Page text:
A Bone Health Action Plan

Experts commonly remind women that all bone mass gets built before the early 30s. After that, women experience bone loss throughout the rest of life. What if good bone health habits weren’t part of a woman’s early years? What if a woman already has an osteoporosis diagnosis? While there’s no way to change the past, women still can adopt good habits that help slow bone loss and increase overall health.

my texas health care obgyn Aging _ Osteoporosis In Women How To Slow Down Bone Loss (1)

Don’t fear heavy weight

No, this isn’t referring to increasing the number of the scale. One of the most critical ways to build bone health is through exercise. Specifically, weightbearing exercise is the best way to build bone strength and slow down bone loss. Research has found that participating in weightbearing exercise decreases inflammation and bone loss in older adults. Pick up weights in the gym, use resistance bands, walk, hike, or go to Pilates classes. Any form of weightbearing exercise will increase bone health.

Pick the right nutrients

The tenets of nutrition for better bones are calcium and vitamin D. No matter a person’s age, getting enough of these two nutrients is one of the first steps to better bones. Calcium helps increase bone strength and vitamin D increases calcium absorption. Eat more leafy greens, dairy products, and fish to get a boost of both nutrients. People can also get vitamin D naturally through sunlight exposure. Check with a healthcare provider to find out if supplementation is the right step.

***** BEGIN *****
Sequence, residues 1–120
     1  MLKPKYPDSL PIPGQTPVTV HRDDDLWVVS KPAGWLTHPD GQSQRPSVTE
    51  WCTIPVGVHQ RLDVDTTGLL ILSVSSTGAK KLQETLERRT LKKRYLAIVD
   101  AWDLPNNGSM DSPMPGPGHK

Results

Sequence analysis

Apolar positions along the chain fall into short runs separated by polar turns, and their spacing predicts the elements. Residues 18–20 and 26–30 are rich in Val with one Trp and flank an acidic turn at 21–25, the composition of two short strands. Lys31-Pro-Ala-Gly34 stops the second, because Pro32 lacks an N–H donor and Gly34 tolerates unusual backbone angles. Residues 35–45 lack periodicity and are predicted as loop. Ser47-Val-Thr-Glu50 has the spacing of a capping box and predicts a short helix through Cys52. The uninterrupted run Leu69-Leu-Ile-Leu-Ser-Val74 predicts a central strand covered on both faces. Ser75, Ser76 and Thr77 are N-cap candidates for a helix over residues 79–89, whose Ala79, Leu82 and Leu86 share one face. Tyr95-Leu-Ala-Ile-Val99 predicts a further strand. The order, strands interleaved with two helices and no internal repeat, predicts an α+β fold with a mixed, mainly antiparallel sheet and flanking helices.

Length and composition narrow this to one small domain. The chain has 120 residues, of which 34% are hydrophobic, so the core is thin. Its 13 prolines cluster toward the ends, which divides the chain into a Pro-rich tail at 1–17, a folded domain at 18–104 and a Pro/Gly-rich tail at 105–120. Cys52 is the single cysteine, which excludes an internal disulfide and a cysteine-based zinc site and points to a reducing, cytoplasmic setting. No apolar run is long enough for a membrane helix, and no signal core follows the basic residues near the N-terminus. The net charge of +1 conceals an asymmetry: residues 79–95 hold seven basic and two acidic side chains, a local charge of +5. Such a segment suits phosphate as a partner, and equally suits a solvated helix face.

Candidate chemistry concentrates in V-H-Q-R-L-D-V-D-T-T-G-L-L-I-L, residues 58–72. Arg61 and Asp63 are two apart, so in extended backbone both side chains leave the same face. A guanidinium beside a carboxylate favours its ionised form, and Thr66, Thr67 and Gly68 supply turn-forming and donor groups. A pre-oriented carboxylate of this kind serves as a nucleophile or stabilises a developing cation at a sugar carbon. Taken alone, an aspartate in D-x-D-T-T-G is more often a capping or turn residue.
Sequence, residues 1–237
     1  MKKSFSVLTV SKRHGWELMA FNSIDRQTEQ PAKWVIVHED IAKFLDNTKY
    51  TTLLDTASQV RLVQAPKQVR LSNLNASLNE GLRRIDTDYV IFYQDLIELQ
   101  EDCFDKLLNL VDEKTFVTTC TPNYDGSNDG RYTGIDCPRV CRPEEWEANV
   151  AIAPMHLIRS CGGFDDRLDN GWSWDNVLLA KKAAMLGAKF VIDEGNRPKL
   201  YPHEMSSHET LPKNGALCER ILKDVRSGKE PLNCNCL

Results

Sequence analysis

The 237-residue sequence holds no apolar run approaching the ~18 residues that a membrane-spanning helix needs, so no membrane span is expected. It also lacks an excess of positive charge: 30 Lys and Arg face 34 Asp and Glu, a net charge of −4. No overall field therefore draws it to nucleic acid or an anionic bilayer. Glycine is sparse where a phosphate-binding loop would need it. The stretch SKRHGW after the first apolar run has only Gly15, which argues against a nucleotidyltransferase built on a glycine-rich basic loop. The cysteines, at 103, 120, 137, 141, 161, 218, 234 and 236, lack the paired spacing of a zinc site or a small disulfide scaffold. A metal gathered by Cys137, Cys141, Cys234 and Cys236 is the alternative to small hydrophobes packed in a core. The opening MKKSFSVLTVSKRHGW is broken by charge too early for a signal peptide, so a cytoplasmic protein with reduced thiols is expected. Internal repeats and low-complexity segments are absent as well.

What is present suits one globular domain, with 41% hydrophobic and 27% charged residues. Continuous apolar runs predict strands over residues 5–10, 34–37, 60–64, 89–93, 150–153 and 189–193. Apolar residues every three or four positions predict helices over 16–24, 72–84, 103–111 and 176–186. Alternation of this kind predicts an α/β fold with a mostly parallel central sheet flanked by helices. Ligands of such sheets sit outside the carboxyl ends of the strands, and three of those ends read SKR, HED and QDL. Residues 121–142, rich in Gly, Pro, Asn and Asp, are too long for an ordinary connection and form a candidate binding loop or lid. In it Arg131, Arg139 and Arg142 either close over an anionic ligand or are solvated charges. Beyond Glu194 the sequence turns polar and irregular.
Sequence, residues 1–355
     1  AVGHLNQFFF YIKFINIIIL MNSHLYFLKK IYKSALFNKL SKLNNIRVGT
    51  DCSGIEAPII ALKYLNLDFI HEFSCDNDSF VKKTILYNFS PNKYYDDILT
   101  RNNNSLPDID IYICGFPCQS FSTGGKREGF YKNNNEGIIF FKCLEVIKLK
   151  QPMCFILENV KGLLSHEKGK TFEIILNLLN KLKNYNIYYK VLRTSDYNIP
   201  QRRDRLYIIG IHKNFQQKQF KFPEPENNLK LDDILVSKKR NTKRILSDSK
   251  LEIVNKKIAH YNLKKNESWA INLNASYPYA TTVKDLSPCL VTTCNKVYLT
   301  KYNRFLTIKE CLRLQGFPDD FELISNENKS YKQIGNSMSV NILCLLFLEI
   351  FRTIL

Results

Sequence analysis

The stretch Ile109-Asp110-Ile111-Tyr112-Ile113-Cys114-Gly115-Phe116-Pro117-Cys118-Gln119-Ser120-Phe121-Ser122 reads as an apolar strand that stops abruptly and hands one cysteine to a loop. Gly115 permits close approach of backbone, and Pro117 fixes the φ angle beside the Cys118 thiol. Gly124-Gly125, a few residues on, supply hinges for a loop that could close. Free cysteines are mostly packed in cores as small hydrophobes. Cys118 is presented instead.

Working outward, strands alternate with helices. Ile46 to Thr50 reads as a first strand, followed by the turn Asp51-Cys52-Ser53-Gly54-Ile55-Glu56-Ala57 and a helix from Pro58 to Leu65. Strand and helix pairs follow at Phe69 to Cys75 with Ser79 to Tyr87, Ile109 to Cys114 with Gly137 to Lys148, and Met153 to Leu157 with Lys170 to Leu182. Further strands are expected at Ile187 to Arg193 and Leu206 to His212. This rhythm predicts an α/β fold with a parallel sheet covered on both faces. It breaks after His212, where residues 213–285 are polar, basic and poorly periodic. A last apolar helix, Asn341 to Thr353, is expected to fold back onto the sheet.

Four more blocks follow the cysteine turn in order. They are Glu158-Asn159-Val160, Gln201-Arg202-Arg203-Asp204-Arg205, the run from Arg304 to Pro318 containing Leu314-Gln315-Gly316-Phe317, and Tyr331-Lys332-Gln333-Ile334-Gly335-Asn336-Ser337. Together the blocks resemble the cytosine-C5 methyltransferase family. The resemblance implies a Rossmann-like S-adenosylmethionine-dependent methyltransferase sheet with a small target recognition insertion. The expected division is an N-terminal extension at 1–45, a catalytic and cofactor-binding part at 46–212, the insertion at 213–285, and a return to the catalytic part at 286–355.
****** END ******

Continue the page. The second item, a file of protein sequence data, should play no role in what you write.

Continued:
Cut back on your indulgences

Bad habits like consuming too much alcohol, caffeine, or sodium can damage bone health. And most people know that smoking wreaks havoc on nearly every part of a person’s body. Studies have shown that kicking bad habits to the curb specifically increases bone health. According to one study, women who had more than 2 cups of coffee a day had higher rates of bone breakdown. Quitting these habits can benefit cardiovascular health, mental health, and bone health.

Know your personal risks

For women who don’t have an osteoporosis diagnosis yet, knowing personal risk factors is a crucial part of a prevention plan. Experts have found that nearly 1 in 5 osteoporosis cases has a genetic factor. Women who are known to be high risk should work with a healthcare provider on a bone health action plan now.

Building bone health for the future

When talking about bone health, the earlier the better. Still, making changes now can increase health and wellness. For more information about managing an osteoporosis diagnosis, speak with a healthcare provider.

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